This is a great time to be an indie writer. We have the whole wide world available to us as our market place via the internet, and there are a ton of ways to get the word out about us and our books. The burgeoning influence of blogs has spawned a mini-industry of author interviews, a particularly friendly, chatty way to connect with all our readers. Author interviews can be interesting, educational, informative and fun. After reading many and taking part in quite a few, however, I have realized that, like anything else, there are good ones and some not so good.
What’s the difference?
For the Interviewee
Ok, we authors are not really used to standing directly in the glare of the limelight. We tend to hold our books up in front of us like a mask while we hide behind them and peek out shyly at the readers. After all, we’re selling our books, not … us. Right?
Yes and no. Of course we’re selling our books, but the fact is that readers tend to buy more books from authors they perceive as being likeable. They can get that impression from our books―from the tone, from the story resolution, from the moral stand of the main characters, but author interviews give them greater access into our hearts and minds. I don’t know about you, but after I read the first Harry Potter book, I really wanted to sit down with J. K. Rowling and ask her just how she came up with all that amazing stuff. Author interviews offer a taste of that kind of one-on-one conversation readers often crave.
So this is your chance to shine on your own, no book in front of your face.
Ok, just breathe. In. Out. It’ll be fine.
The first thing to remember is that, even though you’re being asked questions by the interviewer, this is about more than imparting information. Sure, you’re answering the questions, but do it in an entertaining manner. You’re a writer, for Pete’s sake—write like one! Each question is a chance to tell a mini-story, to expound, to weave, to fascinate as well as explain. I can’t tell you how many times I’ve seen something like this:
Q. Did you do a lot of research for your book?
Really? That’s all you’ve got? Come on, you’ve just missed a great opportunity to talk about that time you got lost in the stacks at the public library and almost got locked in for the night. Or that time you took a road trip through New Mexico looking for a locale to match your character’s home town and you almost got beamed up by a flying saucer outside of Roswell. This is about more than giving information—it’s about showing us your craft.
Sometimes I think writers fail to understand that the medium of the internet—text—gives them boundless opportunities to show their off their talent or expose their lack of imagination. When I see a writer in one of the many writers’ forums online comment, What r u talking about? I can write as gud as anyone, I just have to cringe. If this is a sample of their writing, who would even think of picking up their book? Yes, we live in the age of texts; yes, we’re used to tossing off all the abbreviated shortcuts, but don’t.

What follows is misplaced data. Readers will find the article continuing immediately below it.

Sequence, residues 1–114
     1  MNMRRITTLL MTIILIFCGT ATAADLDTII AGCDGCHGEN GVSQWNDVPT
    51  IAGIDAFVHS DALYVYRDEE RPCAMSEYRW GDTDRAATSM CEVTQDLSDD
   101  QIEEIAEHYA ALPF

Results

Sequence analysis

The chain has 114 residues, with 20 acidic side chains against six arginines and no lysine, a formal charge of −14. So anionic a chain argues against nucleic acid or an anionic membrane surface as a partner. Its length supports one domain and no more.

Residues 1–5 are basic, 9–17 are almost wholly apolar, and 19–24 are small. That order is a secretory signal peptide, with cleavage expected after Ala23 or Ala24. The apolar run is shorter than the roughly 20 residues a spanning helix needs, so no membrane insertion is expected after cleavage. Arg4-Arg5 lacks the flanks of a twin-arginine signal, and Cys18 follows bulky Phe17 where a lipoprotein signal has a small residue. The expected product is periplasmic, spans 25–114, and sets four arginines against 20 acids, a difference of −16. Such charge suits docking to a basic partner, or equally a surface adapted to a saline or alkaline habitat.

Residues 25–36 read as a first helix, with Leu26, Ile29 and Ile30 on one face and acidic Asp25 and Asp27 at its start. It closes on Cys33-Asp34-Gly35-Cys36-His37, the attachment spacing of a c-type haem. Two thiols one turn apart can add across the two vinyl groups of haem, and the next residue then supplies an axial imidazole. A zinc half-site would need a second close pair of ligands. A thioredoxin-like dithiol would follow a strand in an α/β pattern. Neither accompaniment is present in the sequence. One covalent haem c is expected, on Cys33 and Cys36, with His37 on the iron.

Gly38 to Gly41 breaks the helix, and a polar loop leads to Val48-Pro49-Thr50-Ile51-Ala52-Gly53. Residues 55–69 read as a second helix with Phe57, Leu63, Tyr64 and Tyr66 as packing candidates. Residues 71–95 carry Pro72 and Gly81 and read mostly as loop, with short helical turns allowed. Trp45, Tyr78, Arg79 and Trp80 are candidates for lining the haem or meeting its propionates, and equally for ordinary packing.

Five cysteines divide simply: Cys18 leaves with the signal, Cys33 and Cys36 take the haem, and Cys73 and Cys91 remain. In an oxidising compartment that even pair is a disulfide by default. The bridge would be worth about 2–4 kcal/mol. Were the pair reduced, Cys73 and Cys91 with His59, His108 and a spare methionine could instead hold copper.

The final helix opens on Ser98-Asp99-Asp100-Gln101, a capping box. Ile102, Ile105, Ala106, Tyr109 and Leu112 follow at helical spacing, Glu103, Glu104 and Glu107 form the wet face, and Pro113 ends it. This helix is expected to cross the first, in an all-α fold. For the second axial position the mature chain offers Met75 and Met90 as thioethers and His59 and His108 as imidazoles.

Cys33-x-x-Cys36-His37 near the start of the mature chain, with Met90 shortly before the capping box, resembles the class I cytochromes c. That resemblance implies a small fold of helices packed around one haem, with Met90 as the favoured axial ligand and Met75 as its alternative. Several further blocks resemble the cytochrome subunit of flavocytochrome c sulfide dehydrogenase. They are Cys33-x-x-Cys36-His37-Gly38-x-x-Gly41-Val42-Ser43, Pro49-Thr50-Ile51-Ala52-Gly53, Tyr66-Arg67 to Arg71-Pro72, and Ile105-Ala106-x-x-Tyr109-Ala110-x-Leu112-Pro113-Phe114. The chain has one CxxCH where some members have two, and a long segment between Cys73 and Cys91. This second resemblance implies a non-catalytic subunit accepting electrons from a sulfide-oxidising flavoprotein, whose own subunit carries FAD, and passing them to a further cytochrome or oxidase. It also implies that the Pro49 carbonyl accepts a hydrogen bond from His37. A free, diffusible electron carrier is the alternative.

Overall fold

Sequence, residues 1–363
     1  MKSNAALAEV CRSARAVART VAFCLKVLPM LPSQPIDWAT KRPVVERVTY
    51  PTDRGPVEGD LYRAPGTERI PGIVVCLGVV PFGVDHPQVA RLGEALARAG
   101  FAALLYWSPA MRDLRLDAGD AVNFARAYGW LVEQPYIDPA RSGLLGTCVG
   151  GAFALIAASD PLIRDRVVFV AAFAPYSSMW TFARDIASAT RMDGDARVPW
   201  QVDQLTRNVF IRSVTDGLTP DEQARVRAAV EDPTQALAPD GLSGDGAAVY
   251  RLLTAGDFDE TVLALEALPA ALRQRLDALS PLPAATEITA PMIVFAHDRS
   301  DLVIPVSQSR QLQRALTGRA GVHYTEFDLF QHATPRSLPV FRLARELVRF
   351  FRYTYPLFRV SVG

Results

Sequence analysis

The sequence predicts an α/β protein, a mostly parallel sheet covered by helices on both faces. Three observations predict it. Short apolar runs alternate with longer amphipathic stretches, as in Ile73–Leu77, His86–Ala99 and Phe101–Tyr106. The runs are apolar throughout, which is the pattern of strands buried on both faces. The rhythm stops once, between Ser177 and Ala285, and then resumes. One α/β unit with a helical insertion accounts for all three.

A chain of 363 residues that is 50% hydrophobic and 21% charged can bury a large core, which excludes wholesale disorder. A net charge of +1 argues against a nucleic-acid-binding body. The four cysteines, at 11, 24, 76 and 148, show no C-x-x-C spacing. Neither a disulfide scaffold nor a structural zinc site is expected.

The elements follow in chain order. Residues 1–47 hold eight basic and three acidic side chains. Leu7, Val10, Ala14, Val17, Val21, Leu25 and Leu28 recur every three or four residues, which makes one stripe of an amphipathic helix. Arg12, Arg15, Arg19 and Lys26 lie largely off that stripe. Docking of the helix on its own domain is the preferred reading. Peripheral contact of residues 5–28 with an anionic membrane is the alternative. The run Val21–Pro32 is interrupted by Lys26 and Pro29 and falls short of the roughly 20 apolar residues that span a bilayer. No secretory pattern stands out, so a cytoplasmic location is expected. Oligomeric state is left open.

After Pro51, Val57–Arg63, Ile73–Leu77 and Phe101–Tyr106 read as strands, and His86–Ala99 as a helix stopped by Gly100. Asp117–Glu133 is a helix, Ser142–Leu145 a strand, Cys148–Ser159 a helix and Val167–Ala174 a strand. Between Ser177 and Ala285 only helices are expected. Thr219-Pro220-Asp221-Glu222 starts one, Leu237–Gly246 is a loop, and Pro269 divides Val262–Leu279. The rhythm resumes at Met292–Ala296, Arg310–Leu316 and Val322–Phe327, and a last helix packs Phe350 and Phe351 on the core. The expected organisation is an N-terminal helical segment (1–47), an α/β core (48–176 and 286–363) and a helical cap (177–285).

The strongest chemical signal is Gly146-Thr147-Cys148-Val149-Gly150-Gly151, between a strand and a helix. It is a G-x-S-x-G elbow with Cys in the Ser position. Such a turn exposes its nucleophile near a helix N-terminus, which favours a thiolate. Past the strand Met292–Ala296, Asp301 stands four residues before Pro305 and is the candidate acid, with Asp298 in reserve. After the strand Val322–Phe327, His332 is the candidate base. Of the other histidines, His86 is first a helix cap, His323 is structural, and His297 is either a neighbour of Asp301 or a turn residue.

Every chance we have to write, whether on paper or on the internet, is an opportunity to show our mettle. Don’t blow it off. Don’t hunker down and make the interviewer drag it out of you. Get up there and shine!
For the Interviewer
As for the interviewer, you have the opportunity to open up that author in unexpected ways. I know it’s easy to gravitate to the general questions every interviewer asks—Who’s your favorite author? What’s your favorite genre? —but you are also in the position to make your interview unique. Spark up that interview by making the author think. Delve deep; draw him or her out of their shell. Here are a few suggestions:
Ask open-ended questions. Don’t ask yes-or-no questions like the one above. Instead ask, “What’s your process when you’re researching a book?”
Focus on the author. If you’ve taken the time to read some of the author’s work and checked out their webpage or blog, you can ask very specific questions about them and their work. For example: “In your new book, Hell on Wings, your main character base-jumps off a thousand-foot cliff naked with his hair on fire. What kind of research did you do for that scene?”
Not only is the reader going, “Whoa, never saw that in an interview before,” but the answer is giving the reader the behind-the-scenes glimpse that expands his reading experience. It’s like watching “The Making of ...” section on the DVD after you’ve watched the movie. Very often knowing the story behind the story gives you a greater appreciation and a more textured experience of the original movie. And in the above case, if the reader has not already read this particular book, this question just might move them to buy it.
So enough of the generic one-size-fits-all interviews. Get creative—on both sides of the interview!
Bonus: what questions would you like to see asked? Comment below, and thanks!